They sprout in untidy tangles from sidewalk cracks and root down stubbornly amid the showy perennials we so carefully cultivate. They erupt in thorny backyard clusters, shoulder out our favored vegetables and thrive on the trammeled margins of society.
People generally put weeds in the category of bothersome nuisance. But Katrina Blair sees in weeds something entirely different: nourishment, culinary potential, wellness and a key to human resilience.

Blair is a Durango-based wild-food forager, teacher, Turtle Lake Refuge founder and grower. She extols the virtues of her favorite weeds in her book, The Wild Wisdom of Weeds: 13 Essential Plants for Human Survival.

The 358-page book, released in November 2014, is a charming collection of photographs, recipes and writing on the culinary and medicinal benefits of some of Earth’s most common edible weeds. And Wild Wisdom’s ambitions go beyond didactic plant guidebook: spread through its pages is a pitch for human survival based on tapping into the wild intelligence of nature and utilizing what it so readily offers.
Because weeds do, after all, grow like weeds.

Blair, who fell in love with plants as a child and began foraging for wild edibles when she was a teenager, said she always knew she would write a wild food guidebook. So when she was approached by Chelsea Green Publishing to write a book, she had just the thing in mind. And she had already started on it.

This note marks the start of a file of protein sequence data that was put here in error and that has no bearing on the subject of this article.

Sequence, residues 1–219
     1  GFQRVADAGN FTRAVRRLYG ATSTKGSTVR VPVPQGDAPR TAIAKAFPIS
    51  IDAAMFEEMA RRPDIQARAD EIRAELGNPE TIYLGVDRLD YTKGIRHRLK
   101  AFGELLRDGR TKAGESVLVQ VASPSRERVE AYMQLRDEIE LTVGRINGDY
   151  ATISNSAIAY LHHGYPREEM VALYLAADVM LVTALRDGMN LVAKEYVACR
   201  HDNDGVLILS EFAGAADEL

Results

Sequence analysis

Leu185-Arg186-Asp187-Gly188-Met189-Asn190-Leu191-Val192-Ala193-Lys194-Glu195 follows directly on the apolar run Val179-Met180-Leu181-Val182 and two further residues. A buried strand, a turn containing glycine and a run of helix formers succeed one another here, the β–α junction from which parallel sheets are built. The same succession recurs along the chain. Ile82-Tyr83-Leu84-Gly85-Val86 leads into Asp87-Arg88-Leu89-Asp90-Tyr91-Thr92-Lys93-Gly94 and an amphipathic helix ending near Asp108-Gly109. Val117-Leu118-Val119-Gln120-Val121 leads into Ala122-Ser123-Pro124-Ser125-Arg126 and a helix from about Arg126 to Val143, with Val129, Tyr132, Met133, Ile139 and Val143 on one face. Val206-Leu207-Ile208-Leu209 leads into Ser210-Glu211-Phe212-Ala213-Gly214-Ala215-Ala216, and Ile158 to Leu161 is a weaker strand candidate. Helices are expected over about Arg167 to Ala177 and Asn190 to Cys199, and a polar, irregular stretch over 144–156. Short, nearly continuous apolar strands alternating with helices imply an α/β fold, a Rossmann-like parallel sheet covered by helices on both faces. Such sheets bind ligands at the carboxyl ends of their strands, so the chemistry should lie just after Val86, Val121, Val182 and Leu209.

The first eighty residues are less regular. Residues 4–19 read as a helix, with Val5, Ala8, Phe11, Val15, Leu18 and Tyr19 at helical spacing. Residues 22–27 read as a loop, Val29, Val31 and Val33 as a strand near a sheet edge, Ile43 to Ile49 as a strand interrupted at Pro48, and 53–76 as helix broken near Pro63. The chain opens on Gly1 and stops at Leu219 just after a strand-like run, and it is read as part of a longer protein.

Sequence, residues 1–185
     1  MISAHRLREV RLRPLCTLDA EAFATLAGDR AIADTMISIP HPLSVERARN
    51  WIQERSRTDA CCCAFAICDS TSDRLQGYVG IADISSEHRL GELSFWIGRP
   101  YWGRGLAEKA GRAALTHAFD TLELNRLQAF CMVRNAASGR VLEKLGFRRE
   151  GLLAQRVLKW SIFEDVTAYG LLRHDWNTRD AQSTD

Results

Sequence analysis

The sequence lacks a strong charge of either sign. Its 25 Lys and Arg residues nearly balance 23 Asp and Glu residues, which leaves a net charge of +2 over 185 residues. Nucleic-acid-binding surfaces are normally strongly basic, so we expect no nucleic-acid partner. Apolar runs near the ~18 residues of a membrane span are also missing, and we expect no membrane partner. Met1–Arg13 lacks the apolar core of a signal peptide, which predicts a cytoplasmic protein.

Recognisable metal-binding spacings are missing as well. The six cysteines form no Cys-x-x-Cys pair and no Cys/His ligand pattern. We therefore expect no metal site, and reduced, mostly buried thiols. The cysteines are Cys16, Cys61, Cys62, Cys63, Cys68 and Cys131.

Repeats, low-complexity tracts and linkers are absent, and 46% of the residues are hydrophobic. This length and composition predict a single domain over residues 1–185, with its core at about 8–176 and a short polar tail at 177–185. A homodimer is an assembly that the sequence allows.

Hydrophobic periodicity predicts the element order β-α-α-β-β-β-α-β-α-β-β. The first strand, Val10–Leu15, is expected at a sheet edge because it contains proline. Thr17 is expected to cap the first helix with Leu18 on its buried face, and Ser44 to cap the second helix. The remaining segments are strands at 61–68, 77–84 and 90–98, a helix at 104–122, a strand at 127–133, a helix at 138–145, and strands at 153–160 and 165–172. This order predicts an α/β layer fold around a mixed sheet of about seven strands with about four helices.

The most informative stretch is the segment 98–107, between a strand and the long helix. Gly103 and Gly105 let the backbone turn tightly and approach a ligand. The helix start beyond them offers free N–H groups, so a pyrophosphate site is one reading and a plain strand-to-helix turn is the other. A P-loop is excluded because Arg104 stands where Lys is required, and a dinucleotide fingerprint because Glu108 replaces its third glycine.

In Wild Wisdom, Blair spotlights dandelion, mallow, purslane, plantain, thistle, amaranth, dock, mustard, grass, chickweed, clover, lambsquarter and knotweed. When asked why she chose these 13, Blair contends that they actually chose her. She has encountered them in travels all over the world, from Japan to the Philippines and the Arctic, and they make themselves readily available.
“There are amazing things that these wild plants do,” Blair says. “They clean the earth and they clean our bodies. They are just such a gift, and we have them growing wildly and freely everywhere around us.”

“They are edible as food and they are all easy to access and find and identify,” she says.

The book, which is part field-guide, part memoir and part philosophical treatise, walks readers through the basics of each plant, expounding on its beneficial qualities before offering tips on harvesting, preserving and preparing. Wild Wisdom also features poems, drawings and Blair’s lighthearted musings on the weed world.

Readers will learn that amaranth is anti-inflammatory and chickweed draws toxins out of the body; clover is an expectorant and knotweed stimulates the heart. Take these weeds into the kitchen, meanwhile, and the possibilities are vast. Recipes run the gamut from thistle root kraut to purslane peach pie, mallow milk shake, sprouted lambsquarter tabouli and dandelion pesto.

Knowledgeable as she is, Blair says researching the book was eye opening. “I was already in love with these plants, but when I went into depth … I was blown away by them,” she says. “These wild, resilient crops are so rich as a resource for food and nutrition. And what I think came through more and more was that they can help us be self-reliant where we live. It’s pretty powerful.”
By welcoming weeds into our kitchens and our lives, Blair contends, we humans can better connect with our innate knowledge of how to survive in harmony with, and make wiser and more passionate decisions about caring for, our planet.

“The more of us humans who are eating wild, the more of a stronger advocate we can be for caring for the earth,” she says.
Amen. That calls for a glass of dandelion juice, and maybe even a sprouted clover cookie. /